Senate Democrats ask FTC to investigate Twitter after ‘alarming steps’ by Musk

The Twitter application is seen on a digital device, April 25, 2022, in San Diego. (AP Photo/Gregory Bull)

Senate Democrats urged the Federal Trade Commission (FTC) Thursday to investigate Twitter over potential consumer protection violations after changes made to the platform in recent weeks under the helm of new CEO Elon Musk.

The senators said “alarming steps” taken under Musk’s control, including allowing users to pay for verification check marks and laying off key staff, undermined the integrity and safety of the platform and may have already violated the FTC’s consent decree for the company. 

“We fear that Mr. Musk’s reported changes to internal reviews and data security practices further put consumers at risk and could directly violate the requirements of the consent decree,” they wrote in a letter led by Sen. Richard Blumenthal (D-Conn). 

The senators noted that Twitter was “already on notice” before Musk completed his $44 billion acquisition in October, over accusations by whistleblower Peiter “Mudge” Zatko who alleged the company had inadequate security practices. 

“We urge the Commission to vigorously oversee its consent decree with Twitter and to bring enforcement actions against any breaches or business practices that are unfair or deceptive, including bringing civil penalties and imposing liability on individual Twitter executives where appropriate,” the senators added.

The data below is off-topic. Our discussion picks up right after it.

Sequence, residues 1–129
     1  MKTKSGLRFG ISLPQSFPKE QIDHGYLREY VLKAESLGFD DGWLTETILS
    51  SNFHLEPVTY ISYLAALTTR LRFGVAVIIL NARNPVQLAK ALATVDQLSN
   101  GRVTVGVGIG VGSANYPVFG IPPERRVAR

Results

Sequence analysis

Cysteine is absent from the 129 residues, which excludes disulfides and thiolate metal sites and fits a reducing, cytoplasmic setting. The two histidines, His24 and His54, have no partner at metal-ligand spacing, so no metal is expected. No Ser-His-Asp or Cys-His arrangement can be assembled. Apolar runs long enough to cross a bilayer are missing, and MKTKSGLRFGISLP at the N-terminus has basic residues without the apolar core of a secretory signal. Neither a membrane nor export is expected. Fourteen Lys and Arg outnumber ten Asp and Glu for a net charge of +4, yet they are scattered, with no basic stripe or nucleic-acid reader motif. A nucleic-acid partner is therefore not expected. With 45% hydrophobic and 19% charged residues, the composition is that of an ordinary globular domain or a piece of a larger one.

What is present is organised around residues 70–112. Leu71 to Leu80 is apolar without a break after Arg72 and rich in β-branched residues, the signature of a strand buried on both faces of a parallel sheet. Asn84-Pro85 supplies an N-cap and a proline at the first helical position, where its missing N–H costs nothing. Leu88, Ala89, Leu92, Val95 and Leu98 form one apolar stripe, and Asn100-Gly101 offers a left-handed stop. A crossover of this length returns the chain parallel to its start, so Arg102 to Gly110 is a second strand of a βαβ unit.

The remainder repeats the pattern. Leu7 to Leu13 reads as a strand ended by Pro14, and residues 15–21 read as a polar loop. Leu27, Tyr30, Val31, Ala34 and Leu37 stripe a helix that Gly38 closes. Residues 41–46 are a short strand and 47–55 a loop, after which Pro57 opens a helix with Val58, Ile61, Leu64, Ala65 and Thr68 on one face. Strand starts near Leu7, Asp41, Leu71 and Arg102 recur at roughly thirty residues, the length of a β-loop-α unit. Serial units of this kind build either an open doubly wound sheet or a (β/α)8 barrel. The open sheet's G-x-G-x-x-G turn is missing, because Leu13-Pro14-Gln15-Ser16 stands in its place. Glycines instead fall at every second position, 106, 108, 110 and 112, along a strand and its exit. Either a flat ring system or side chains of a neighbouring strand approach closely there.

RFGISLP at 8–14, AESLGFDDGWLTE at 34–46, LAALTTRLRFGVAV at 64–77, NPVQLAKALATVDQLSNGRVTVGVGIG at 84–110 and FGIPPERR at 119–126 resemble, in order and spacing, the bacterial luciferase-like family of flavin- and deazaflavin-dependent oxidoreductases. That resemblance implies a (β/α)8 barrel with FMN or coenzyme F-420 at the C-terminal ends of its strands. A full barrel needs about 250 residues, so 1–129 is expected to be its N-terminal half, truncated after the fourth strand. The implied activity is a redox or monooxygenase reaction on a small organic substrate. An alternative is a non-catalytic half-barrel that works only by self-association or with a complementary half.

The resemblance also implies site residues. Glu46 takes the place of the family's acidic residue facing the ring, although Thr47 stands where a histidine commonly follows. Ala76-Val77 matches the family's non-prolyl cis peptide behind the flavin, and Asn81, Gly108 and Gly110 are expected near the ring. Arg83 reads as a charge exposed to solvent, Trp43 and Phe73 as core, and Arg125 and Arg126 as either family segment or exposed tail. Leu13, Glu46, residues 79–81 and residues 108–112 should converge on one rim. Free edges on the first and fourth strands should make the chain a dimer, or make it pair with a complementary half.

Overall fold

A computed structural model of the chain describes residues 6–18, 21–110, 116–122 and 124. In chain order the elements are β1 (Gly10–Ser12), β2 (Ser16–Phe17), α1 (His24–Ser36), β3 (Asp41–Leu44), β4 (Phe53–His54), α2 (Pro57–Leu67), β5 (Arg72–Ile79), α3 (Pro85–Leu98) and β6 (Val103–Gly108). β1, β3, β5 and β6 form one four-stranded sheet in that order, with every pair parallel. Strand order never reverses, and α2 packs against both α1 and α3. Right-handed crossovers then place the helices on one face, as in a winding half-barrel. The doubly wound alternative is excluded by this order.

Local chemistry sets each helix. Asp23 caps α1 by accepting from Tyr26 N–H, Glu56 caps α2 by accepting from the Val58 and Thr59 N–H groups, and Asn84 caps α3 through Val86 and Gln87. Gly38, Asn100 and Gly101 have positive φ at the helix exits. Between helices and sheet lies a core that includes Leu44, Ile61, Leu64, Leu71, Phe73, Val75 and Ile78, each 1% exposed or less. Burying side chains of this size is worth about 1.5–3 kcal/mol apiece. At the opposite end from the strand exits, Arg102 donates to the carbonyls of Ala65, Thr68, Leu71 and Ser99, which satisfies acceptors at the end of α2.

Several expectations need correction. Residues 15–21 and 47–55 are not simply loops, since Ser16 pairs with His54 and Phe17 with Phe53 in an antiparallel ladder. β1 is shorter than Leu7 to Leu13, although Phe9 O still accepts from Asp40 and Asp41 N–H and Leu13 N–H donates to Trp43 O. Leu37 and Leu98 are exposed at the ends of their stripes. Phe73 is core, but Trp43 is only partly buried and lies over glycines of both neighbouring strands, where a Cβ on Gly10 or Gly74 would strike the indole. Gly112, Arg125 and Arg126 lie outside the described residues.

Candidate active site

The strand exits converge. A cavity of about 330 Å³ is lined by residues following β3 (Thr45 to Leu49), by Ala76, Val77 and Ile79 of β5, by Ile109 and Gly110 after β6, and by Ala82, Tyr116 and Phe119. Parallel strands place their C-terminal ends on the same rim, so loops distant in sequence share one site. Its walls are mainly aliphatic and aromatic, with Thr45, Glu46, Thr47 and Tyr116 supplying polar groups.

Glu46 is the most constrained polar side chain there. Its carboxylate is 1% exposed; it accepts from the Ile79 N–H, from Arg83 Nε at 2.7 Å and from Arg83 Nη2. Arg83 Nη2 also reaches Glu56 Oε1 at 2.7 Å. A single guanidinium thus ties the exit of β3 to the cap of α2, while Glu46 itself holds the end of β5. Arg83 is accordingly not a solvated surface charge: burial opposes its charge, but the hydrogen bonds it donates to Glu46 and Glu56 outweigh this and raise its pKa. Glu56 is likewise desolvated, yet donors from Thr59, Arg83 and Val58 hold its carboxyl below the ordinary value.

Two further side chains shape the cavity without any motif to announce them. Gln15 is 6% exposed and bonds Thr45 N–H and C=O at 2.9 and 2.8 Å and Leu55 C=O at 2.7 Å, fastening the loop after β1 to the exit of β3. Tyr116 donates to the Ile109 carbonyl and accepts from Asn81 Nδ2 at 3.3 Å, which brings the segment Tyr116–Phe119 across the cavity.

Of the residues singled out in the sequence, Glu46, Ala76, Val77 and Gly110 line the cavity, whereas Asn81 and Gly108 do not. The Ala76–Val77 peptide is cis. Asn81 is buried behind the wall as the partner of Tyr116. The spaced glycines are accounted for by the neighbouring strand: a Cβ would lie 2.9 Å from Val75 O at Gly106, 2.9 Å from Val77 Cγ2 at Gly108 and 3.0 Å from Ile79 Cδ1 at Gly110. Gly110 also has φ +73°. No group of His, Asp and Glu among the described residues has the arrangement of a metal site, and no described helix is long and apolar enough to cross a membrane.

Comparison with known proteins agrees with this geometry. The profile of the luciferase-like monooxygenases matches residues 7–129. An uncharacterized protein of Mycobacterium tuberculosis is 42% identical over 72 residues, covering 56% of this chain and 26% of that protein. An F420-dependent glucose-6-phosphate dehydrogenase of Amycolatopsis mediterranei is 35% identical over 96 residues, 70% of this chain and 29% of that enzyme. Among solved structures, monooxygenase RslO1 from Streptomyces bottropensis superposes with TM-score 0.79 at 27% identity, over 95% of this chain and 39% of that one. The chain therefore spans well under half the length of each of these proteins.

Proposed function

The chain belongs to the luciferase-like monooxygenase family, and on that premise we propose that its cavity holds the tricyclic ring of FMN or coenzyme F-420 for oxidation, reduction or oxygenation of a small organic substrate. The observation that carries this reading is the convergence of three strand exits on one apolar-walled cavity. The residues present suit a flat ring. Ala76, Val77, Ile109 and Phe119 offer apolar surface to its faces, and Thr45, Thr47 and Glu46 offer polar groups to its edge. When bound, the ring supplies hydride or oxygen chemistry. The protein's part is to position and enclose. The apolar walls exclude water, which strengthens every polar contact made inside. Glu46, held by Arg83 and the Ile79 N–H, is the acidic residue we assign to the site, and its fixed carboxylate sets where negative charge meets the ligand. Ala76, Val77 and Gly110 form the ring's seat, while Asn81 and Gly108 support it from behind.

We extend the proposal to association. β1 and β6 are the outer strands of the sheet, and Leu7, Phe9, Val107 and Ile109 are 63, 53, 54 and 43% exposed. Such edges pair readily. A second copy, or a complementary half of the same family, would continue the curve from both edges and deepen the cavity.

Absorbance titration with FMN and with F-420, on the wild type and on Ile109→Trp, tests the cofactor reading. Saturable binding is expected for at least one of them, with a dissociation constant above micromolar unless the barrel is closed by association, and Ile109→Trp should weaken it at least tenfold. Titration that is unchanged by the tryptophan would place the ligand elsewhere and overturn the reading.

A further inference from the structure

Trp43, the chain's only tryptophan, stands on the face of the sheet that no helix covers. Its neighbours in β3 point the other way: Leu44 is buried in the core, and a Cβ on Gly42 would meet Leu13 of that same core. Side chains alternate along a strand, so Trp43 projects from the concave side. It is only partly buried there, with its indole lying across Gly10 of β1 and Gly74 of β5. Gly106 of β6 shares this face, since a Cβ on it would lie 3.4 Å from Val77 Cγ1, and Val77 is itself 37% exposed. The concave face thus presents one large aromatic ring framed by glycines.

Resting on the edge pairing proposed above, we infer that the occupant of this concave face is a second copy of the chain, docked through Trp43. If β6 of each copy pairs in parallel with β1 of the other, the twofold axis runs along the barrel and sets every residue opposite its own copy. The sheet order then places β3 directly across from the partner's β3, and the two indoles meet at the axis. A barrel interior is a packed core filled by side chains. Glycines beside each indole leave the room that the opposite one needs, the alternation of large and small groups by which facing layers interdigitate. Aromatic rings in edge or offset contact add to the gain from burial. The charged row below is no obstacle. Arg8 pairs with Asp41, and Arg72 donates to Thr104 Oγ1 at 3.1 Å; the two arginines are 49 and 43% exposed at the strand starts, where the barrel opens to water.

The letter was also signed by Sens. Dianne Feinstein (D-Calif.), Ben Ray Luján (D-N.M.), Elizabeth Warren (D-Mass.), Ed Markey (D-Mass.), Cory Booker (D-N.J.) and Bob Menendez (D-N.J.). 

Spokespeople for Twitter and the FTC declined to comment. 

An FTC spokesperson previously said the agency is tracking “recent developments at Twitter with deep concern.” 

“No CEO or company is above the law, and companies must follow our consent decrees,” the spokesperson said. 

One of the more consequential changes Musk made since taking charge of Twitter is allowing users to pay for blue check marks that were previously only given to companies and figures deemed “notable” in certain categories. Unlike the previous system, where users had to verify their identity through steps laid out by Twitter, the check marks given out under a $7.99 monthly subscription to Twitter Blue do not require users to verify their identity. 

The rollout last week wreaked havoc on Twitter, with users impersonating figures ranging from athletes to lawmakers, and was put on pause. On Wednesday, Musk said the rollout will begin again on Nov. 29 “to make sure that it is rock solid.”

Tags Elizabeth Warren Elon Musk FTC Twitter

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